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The Sciences

This Lake on Mars Was Drying Up 3.5 Billion Years Ago

D-briefBy Erika K. CarlsonOctober 7, 2019 5:30 PM
Mars’ Gale Crater once held a lake of liquid water. (Credit: NASA/JPL-Caltech/ESA/DLR/FU Berlin/MSSS)


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Mars was a very different place as a young planet. Liquid water dotted the Red Planet’s landscape with lakes and rivers. But the planet’s climate changed drastically in the past few billion years. Today, scientists see the remains of the planet’s bodies of water in dried-up river channels and salts left in its rocks.

New data from the Curiosity rover now show that the planet’s waters were evaporating about 3.5 billion years ago. Curiosity found pockets of concentrated salts in rocks about 3.3 billion to 3.7 billion years old in Mars’ Gale Crater — evidence that a salty lake was evaporating from the surface around that time, scientists reported Monday in a new paper in Nature Geoscience.

Uncovering Martian History

Curiosity is well suited to studying the evolution of Mars’ environment because of its access to Gale Crater. The site formed when a meteor hit Mars at least 3.5 billion years ago, leaving a 100-mile-wide hole in the ground — and exposing layers of rock hundreds of yards deep. The deepest rocks are the oldest, and higher rocks make up younger, more recently formed layers. Curiosity can analyze the chemical compositions of the rocks and, in the process, document Mars’ history back at least 3.5 billion years. It’s a unique opportunity to study how a planet’s environment can change over that much time.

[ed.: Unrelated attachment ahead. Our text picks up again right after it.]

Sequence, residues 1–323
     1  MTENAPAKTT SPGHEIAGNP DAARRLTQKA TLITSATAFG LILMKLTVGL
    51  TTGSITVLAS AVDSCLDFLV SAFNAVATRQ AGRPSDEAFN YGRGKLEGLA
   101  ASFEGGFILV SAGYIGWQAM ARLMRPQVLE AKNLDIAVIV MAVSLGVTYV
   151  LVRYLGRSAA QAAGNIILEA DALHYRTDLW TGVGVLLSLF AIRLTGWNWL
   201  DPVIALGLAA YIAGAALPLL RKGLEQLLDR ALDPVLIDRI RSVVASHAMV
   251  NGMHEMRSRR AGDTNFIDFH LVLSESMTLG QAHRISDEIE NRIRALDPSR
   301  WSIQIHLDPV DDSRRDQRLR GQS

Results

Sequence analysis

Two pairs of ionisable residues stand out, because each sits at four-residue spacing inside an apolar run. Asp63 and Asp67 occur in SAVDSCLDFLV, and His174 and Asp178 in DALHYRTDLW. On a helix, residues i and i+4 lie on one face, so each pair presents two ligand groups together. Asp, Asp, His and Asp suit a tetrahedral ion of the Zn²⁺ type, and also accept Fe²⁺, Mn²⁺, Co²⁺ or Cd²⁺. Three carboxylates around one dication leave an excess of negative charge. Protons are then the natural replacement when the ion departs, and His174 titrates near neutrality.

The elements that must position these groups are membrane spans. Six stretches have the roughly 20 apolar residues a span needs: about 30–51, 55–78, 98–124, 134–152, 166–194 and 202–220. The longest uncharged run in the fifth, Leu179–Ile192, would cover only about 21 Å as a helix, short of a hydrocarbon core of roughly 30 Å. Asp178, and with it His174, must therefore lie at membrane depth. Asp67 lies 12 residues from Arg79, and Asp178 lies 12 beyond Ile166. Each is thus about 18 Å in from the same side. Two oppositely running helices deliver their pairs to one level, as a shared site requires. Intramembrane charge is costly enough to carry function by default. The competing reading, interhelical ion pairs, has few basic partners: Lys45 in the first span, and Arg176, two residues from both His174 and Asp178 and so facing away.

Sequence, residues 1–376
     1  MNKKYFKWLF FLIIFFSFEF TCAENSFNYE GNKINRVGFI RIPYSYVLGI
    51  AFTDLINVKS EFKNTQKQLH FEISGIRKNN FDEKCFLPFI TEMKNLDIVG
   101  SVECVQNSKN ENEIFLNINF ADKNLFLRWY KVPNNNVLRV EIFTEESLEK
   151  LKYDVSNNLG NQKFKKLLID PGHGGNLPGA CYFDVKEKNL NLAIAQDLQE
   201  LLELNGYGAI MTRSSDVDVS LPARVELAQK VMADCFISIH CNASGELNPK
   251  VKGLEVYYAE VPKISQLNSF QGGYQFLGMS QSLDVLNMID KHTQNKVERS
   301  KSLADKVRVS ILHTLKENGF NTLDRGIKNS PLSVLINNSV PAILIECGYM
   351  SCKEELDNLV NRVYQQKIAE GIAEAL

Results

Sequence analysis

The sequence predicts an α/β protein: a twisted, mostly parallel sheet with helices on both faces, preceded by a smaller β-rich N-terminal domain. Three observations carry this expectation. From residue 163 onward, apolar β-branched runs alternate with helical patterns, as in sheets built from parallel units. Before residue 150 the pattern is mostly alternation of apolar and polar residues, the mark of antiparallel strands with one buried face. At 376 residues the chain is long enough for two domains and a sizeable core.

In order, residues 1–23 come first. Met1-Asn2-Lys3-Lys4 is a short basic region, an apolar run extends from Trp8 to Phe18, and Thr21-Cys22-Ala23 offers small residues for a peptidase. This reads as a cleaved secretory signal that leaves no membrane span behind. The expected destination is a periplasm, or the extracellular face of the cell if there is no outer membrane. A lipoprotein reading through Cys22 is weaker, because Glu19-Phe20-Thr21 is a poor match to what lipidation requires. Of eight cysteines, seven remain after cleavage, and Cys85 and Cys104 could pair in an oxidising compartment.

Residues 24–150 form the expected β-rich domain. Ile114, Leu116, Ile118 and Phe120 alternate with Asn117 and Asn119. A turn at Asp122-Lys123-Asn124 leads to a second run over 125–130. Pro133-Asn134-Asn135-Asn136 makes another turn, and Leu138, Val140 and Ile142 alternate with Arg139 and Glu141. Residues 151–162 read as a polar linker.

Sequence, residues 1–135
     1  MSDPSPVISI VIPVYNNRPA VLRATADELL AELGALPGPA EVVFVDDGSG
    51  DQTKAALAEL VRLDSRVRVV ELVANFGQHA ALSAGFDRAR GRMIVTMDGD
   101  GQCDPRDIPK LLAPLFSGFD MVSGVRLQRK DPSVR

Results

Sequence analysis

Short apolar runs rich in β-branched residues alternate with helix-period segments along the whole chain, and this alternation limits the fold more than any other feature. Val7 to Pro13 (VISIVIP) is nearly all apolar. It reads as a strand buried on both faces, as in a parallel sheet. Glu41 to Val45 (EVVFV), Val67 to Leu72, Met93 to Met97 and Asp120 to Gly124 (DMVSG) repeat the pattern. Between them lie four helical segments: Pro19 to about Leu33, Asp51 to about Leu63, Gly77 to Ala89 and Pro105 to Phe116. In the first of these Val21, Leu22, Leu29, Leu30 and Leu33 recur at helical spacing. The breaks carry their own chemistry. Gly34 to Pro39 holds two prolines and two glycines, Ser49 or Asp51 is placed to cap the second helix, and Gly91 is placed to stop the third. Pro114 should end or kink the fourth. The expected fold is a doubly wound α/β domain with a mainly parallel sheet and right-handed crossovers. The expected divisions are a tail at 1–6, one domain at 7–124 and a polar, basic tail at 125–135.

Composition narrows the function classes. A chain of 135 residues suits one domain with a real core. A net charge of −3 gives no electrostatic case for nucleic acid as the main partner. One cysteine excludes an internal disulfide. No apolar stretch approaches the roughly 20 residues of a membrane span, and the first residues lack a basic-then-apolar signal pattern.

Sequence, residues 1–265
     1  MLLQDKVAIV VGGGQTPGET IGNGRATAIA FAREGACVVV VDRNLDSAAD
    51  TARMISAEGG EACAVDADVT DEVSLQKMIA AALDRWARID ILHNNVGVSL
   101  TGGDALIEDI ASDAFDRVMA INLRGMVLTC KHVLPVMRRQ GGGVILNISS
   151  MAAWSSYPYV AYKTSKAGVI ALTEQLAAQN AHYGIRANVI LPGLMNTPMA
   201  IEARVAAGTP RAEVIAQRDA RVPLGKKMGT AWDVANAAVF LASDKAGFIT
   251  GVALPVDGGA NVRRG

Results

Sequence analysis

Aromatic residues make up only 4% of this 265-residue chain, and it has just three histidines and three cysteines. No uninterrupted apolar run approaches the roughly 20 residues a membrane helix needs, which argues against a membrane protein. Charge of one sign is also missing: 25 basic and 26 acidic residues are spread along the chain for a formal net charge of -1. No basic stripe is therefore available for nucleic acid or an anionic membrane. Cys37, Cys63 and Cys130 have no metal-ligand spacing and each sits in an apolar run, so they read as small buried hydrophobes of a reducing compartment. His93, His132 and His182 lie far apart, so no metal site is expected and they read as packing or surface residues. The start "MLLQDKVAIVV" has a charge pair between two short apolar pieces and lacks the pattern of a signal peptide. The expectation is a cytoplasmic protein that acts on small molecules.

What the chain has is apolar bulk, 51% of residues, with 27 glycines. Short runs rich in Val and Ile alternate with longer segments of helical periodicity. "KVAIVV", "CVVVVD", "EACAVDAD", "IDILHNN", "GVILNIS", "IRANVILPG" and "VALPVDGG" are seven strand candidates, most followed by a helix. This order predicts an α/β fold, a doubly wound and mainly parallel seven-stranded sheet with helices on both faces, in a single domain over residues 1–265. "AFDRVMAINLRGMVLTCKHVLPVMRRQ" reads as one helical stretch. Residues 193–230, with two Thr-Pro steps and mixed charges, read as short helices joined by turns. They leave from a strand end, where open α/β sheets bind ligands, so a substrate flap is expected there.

Curiosity’s latest work shows that rocks in Gale Crater between about 3.3 billion and 3.7 billion years old had pockets of sulfur-containing salts called sulfates. Older rocks that Curiosity analyzed didn’t have such concentrations of these salts, leading scientists to believe that a lake at Gale Crater was particularly salty around this time. The lake may have gotten saltier because the waters were evaporating, leaving higher concentrations of salt behind. If true, it implies that Mars’ climate was changing and becoming drier around 3.5 billion years ago.

To William Rapin, a planetary scientist at Caltech and an author of the new study, the project is an exciting way to uncover Mars’ history and understand more broadly how planets and their environments evolve.

“Our geology and our understanding of planets’ climates is very Earth-centric,” Rapin says. “Mars has had its own fate, potentially very different than the Earth.”

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